Notorious Crimes that Stand the Test of Time!
America is home to some of the most famous crimes in the world, and even when the media was not as evolved as it is today, these crimes fascinated and entire nation. While there are crimes that get very little coverage, there are those that echo even decades after they were solved or laid to rest. The next 5 crimes are some of the most famous ones in history, and they will likely remain notorious for years to come.
March 1, 1932 - The Lindbergh baby kidnapping
Charles Lindbergh was the first man to fly solo from New York to Paris – all the way across the Atlantic. The famous flight earned his several award, including a $25,000 Orteig Prize, and made him a national hero in America. Unfortunately, Charles' fame might have been one of the causes for his young son's kidnapping. On March 1st, 1932, the Lindbergh, a 20-month-old bay was kidnapped from his second-floor crib. The kidnapper left a ransom note demanding $50,000, which prompted the Lindberghs to call the police. A retired New Jersey teacher supposedly met with the kidnapper, who upped his ransom to $70,000, and gave him the money. The mysterious criminal told the teacher the infant was in a boat off the coast of Martha's Vineyard, but the search turned up empty. Two months later, the Lindbergh baby's body was found in the woods close to his family home, and investigators suspected he was killed on the day of his kidnapping. An FBI investigation led to the arrest of German native Bruno Richard Hauptmann, who was hiding $13,750 of the ransom in his garage. Hauptmann was charged with kidnapping, murder and extortion. Hauptmann was eventually killed with an electric chair on April 3, 1936 for his part in what was dubbed "the crime of the century".
January 15, 1947 - The Black Dahlia
The grisly Black Dahlia remains the most famous murder in tinsel town, and is has yet to be solved. On January 15, 1947, 22-year-old actress Elizabeth Short was found dead in the Los Angeles in a most shocking condition; Short's body was cut in half, she had gashes on both sides of her mouth, and her body appeared to be completely drained of blood in medical precision. The gruesome murder led to the cooperation of the police and the press, who began to hand out clues to find a suspect. Several people confessed to Short's murder, but nothing stuck due to a lack of evidence. It was reported that Short's grief over the loss of a man she loved led to her visiting jazz clubs in the city, which made it nearly impossible to pin down one suspect, and the case remains unsolved to this day.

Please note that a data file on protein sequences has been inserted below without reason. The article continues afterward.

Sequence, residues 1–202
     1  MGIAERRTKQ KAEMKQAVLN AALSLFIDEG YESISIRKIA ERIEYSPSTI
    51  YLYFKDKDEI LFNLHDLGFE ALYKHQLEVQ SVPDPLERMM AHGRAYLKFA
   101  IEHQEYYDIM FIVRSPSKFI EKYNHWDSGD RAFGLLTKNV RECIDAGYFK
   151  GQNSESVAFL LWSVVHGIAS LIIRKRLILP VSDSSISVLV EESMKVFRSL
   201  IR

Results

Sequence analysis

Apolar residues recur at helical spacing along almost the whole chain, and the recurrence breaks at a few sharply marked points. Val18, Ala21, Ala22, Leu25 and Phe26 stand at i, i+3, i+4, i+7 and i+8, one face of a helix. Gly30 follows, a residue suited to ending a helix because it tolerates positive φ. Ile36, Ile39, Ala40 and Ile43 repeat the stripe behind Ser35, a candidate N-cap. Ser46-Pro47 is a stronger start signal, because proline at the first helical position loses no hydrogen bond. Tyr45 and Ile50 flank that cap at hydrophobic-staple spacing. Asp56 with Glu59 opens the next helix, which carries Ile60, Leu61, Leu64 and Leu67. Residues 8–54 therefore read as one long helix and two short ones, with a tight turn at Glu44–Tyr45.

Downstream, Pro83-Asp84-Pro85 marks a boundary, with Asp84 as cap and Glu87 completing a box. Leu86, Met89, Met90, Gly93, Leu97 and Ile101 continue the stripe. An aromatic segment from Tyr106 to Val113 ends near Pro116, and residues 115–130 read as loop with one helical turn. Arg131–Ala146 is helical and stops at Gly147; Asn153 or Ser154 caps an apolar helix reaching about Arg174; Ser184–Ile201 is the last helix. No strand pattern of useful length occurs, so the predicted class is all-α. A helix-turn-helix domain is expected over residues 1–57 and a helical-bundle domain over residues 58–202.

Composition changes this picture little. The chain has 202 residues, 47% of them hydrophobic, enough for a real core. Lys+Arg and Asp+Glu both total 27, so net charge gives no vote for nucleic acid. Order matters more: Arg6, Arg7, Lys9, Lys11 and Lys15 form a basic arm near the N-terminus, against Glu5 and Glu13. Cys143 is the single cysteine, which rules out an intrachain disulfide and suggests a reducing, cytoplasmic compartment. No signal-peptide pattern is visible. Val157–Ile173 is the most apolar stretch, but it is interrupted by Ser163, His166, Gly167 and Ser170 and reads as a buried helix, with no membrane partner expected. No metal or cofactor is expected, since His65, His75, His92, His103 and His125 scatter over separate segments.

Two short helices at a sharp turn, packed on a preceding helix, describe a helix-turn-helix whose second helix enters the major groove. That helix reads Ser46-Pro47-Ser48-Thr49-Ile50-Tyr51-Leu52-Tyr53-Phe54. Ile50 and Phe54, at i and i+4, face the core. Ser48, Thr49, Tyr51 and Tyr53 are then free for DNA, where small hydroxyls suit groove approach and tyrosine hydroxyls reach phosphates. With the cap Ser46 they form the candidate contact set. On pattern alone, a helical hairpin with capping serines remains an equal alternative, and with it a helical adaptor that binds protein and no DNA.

June 17, 1972 - Watergate break-in
Some of the most infamous crimes in the country weren't necessarily murders, and Watergate has to be one of the most famous crimes in history. During the elections in the early 1970's, five men were arrested for breaking in to the Democratic National Committee's room at the Watergate hotel in D.C to plant bugs, and listen in on their election plans. DNC candidate, George McGovern, was surely about to lose, but Richard Nixon, the GOP's candidate, was harmed from the break-in. On August 9, 1974, it was announced that Nixon will resign from office, and his successor Gerald Ford later pardoned him.
December 24, 2002 - The murder of Laci Peterson
On Christmas Eve, 2002, Scott Peterson reported his pregnant wife, Laci Peterson, missing. Scott reported that the last time he saw his wife was earlier that morning, when he went on an all-day fishing trip. Several days after Scott's report and the media coverage frenzy, a woman named Amber Frey called the police and confessed that Scott had been her boyfriend for over a month. Police investigation showed that Peterson took out a life insurance policy on his wife in the sum of $250,000. In April 2003, the body of a baby turned up in a San Francisco bay – less than 5 miles from the location where Peterson said he went fishing. A few days later, the body of a woman turned up in the same bay as the baby, and medical examination reveled the bodies were that of Laci and her son. Scott was arrested and sentenced to death – a sentence that will be carried out in San Quentin, where he is held.
June 12, 1994 - The murder of Nicole Brown Simpson and Ronald Goldman
A white Ford Bronco, a police chase and black gloves – all became iconic in one of the greatest criminal trials in US history. On June 12, 1992, OJ Simpson's ex-wife and her boyfriend were found dead after being brutally killed in Los Angeles' Brentwood neighborhood. Police that arrived at the scene found a bloody glove and bloody footprints at the murder home. Investigators went to OJ's home where they found bloodstains on his socks, car and driveway. Simpson was no where to be found, and police perused him in a low-speed chase while he was in his white Ford Bronco. Simpson was charged with murder, and after a 6-month trial, he was acquitted in what was dubbed "trial of the century."
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